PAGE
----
Defenders of advertising will tell you it’s a public service: informing people about products and services they might want. I don’t know about you, but if there’s something I actually need to buy, I can look up where and how to buy it in about thirty seconds with an online search. I don’t need, or want, somebody interrupting my life to tell me what they want me to want. My wife and I only watch streaming and pre-recorded content at home—no commercials. We mostly listen to public radio—no commercials. And we’ve opted to receive no flyers in the mail. Do I sometimes miss flipping through them? Sure. But my impulse purchases have gone way down.

What does all this have to do with the future? Well, as technology becomes ever more pervasive and invasive, so does advertising. Do you think it will be cool to walk past a billboard and have it address you by name and show an ad for stuff you really like? In fact, it’s already happening whenever you surf the internet or use social media, and personalized ads show up. Think about how much some company has to know about you to do that. Just add facial recognition and gait recognition capability to the billboards, and you’ve got a sales pitch just for you…that everyone walking nearby can also see. Watch out for the lamppost! Oops, too late. And forget about just enjoying the ambience of a neighbourhood street, because the next billboard will call out to you just as insistently, and the next, and the next. If regulators don’t prevent them, the billboards will send urgent messages to your phone telling you about the big shoe sale a block ahead. Might be kind of cool, you think? Until you get twenty such messages in a ten-minute walk to your favourite coffee shop.

Forget about movie stickers on bananas; what about when each section of orange, slice of melon, cross-section of cheese is imprinted with slogans? When your toaster etches your slice of bread with “30% Off Sale Today at…!” When your shampoo contains fluorescent glitter micro-particles that coalesce into product placements for everyone to read. So far, you’re allowed to turn your TV to a channel that doesn’t play commercials, but what about when your TV forces you to watch ad messages first whenever you turn it on?

I’ve written a novel about internet-capable brain augments. One of my speculations is that unscrupulous advertisers will figure out how to use them to directly stimulate the vision and auditory centres of the brain. Suddenly you see a giant bottle of [insert your favourite cola brand here] floating in front of your eyes and hear their latest jingle in your ears. I’ll leave you to imagine the results if it happens while you’re riding a bike, crossing a street, or about to descend some stairs.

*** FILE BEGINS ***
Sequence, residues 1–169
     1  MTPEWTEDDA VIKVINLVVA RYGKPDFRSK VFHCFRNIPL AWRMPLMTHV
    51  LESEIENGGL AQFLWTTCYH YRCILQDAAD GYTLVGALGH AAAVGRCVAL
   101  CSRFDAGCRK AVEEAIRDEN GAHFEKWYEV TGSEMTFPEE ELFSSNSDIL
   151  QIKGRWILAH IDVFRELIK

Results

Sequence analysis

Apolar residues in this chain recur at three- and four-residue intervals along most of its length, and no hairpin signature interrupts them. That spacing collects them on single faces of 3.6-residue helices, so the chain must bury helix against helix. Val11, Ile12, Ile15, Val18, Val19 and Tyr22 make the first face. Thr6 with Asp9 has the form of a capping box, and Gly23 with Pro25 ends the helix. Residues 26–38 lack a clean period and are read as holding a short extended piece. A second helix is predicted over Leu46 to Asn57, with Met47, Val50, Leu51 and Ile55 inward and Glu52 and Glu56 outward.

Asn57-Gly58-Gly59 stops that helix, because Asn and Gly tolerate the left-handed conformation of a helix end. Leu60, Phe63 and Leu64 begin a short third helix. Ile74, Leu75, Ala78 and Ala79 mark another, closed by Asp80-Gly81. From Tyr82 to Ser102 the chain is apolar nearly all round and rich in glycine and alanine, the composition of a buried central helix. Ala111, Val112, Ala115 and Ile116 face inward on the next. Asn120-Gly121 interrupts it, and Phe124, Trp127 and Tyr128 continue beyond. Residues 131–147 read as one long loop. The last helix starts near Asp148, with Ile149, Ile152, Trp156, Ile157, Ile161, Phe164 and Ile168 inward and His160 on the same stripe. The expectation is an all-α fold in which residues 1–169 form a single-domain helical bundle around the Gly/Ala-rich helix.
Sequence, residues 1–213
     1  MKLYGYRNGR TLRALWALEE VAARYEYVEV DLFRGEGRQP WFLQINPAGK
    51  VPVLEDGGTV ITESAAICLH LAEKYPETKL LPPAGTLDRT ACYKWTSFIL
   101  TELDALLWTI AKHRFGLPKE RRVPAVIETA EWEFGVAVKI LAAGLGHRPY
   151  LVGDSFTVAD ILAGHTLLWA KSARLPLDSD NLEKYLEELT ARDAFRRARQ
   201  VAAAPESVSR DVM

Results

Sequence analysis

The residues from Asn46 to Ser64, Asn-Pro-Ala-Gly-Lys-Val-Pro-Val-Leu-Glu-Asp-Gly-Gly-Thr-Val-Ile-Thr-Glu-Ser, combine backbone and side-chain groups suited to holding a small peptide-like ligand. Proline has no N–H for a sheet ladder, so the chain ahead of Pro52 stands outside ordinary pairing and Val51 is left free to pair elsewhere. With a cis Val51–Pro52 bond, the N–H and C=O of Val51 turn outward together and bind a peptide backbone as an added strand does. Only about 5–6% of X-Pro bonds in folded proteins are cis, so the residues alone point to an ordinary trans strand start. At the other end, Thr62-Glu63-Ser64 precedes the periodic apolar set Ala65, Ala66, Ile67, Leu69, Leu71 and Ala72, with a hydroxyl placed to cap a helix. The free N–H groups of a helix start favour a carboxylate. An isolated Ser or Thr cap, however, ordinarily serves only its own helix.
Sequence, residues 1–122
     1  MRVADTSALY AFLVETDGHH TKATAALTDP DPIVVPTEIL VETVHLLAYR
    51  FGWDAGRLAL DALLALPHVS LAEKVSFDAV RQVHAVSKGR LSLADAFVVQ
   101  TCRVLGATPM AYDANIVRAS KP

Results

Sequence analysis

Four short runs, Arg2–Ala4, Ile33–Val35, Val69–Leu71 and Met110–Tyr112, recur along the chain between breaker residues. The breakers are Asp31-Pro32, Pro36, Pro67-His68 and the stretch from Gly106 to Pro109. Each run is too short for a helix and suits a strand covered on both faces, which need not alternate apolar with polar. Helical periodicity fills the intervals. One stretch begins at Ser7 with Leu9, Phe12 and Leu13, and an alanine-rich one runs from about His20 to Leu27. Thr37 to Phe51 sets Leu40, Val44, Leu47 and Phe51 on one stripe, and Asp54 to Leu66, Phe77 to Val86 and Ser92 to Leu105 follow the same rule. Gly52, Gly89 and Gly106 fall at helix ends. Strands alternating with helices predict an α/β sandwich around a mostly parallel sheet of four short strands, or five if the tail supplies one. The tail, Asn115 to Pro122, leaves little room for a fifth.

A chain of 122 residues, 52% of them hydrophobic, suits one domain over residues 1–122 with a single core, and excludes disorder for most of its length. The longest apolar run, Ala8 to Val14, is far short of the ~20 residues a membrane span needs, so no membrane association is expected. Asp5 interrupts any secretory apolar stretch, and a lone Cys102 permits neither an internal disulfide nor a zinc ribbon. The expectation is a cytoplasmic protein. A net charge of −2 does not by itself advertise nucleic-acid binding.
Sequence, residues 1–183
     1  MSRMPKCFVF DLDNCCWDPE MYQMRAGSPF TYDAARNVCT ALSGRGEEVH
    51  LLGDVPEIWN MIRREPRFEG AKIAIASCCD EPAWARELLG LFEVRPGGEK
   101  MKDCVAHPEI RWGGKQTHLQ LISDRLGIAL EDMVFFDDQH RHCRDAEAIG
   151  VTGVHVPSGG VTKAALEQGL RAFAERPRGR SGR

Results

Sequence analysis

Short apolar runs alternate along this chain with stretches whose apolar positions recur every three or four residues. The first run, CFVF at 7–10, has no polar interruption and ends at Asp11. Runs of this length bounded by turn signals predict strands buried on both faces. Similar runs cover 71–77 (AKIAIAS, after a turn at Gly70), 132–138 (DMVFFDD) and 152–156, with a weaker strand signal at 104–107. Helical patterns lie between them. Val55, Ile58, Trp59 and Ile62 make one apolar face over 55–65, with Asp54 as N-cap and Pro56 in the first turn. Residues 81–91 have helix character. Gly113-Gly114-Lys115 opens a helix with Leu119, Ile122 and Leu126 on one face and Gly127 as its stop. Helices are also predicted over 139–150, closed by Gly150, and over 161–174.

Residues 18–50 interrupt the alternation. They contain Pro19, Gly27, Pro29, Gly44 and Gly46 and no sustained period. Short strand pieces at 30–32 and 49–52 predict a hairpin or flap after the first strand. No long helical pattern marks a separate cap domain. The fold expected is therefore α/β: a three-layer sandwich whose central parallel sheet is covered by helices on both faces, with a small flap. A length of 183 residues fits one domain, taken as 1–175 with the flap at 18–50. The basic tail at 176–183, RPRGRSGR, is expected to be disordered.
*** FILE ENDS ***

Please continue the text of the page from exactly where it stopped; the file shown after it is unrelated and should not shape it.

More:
Far-fetched, you think? Absolutely not, I promise you. We’ve already allowed ourselves to be subjected to advertising in virtually every aspect of our lives, in increasingly intrusive ways. If a method arises to directly access the minds of consumers, it will be used. Unless we act to prevent it. And I’m not talking about writing to your local politician (although it wouldn’t hurt)—it’s your money that talks. If you want to send a message to advertisers that it’s all too much, stop buying the products and services of the companies that use advertising methods you don’t like and tell them why. Shut off all the personalized advertising functions of your social media. Cancel all your rewards programs accounts. Boost privacy settings on all of your electronic devices.

I’m expecting too much, right? You like a lot of that personalized advertising, not to mention rewards points. And buying things gives you a buzz.

Yeah, I know. Which is why intrusive advertising has come this far, and will go every bit as far as we allow it to.

Do you feel the water getting hot yet?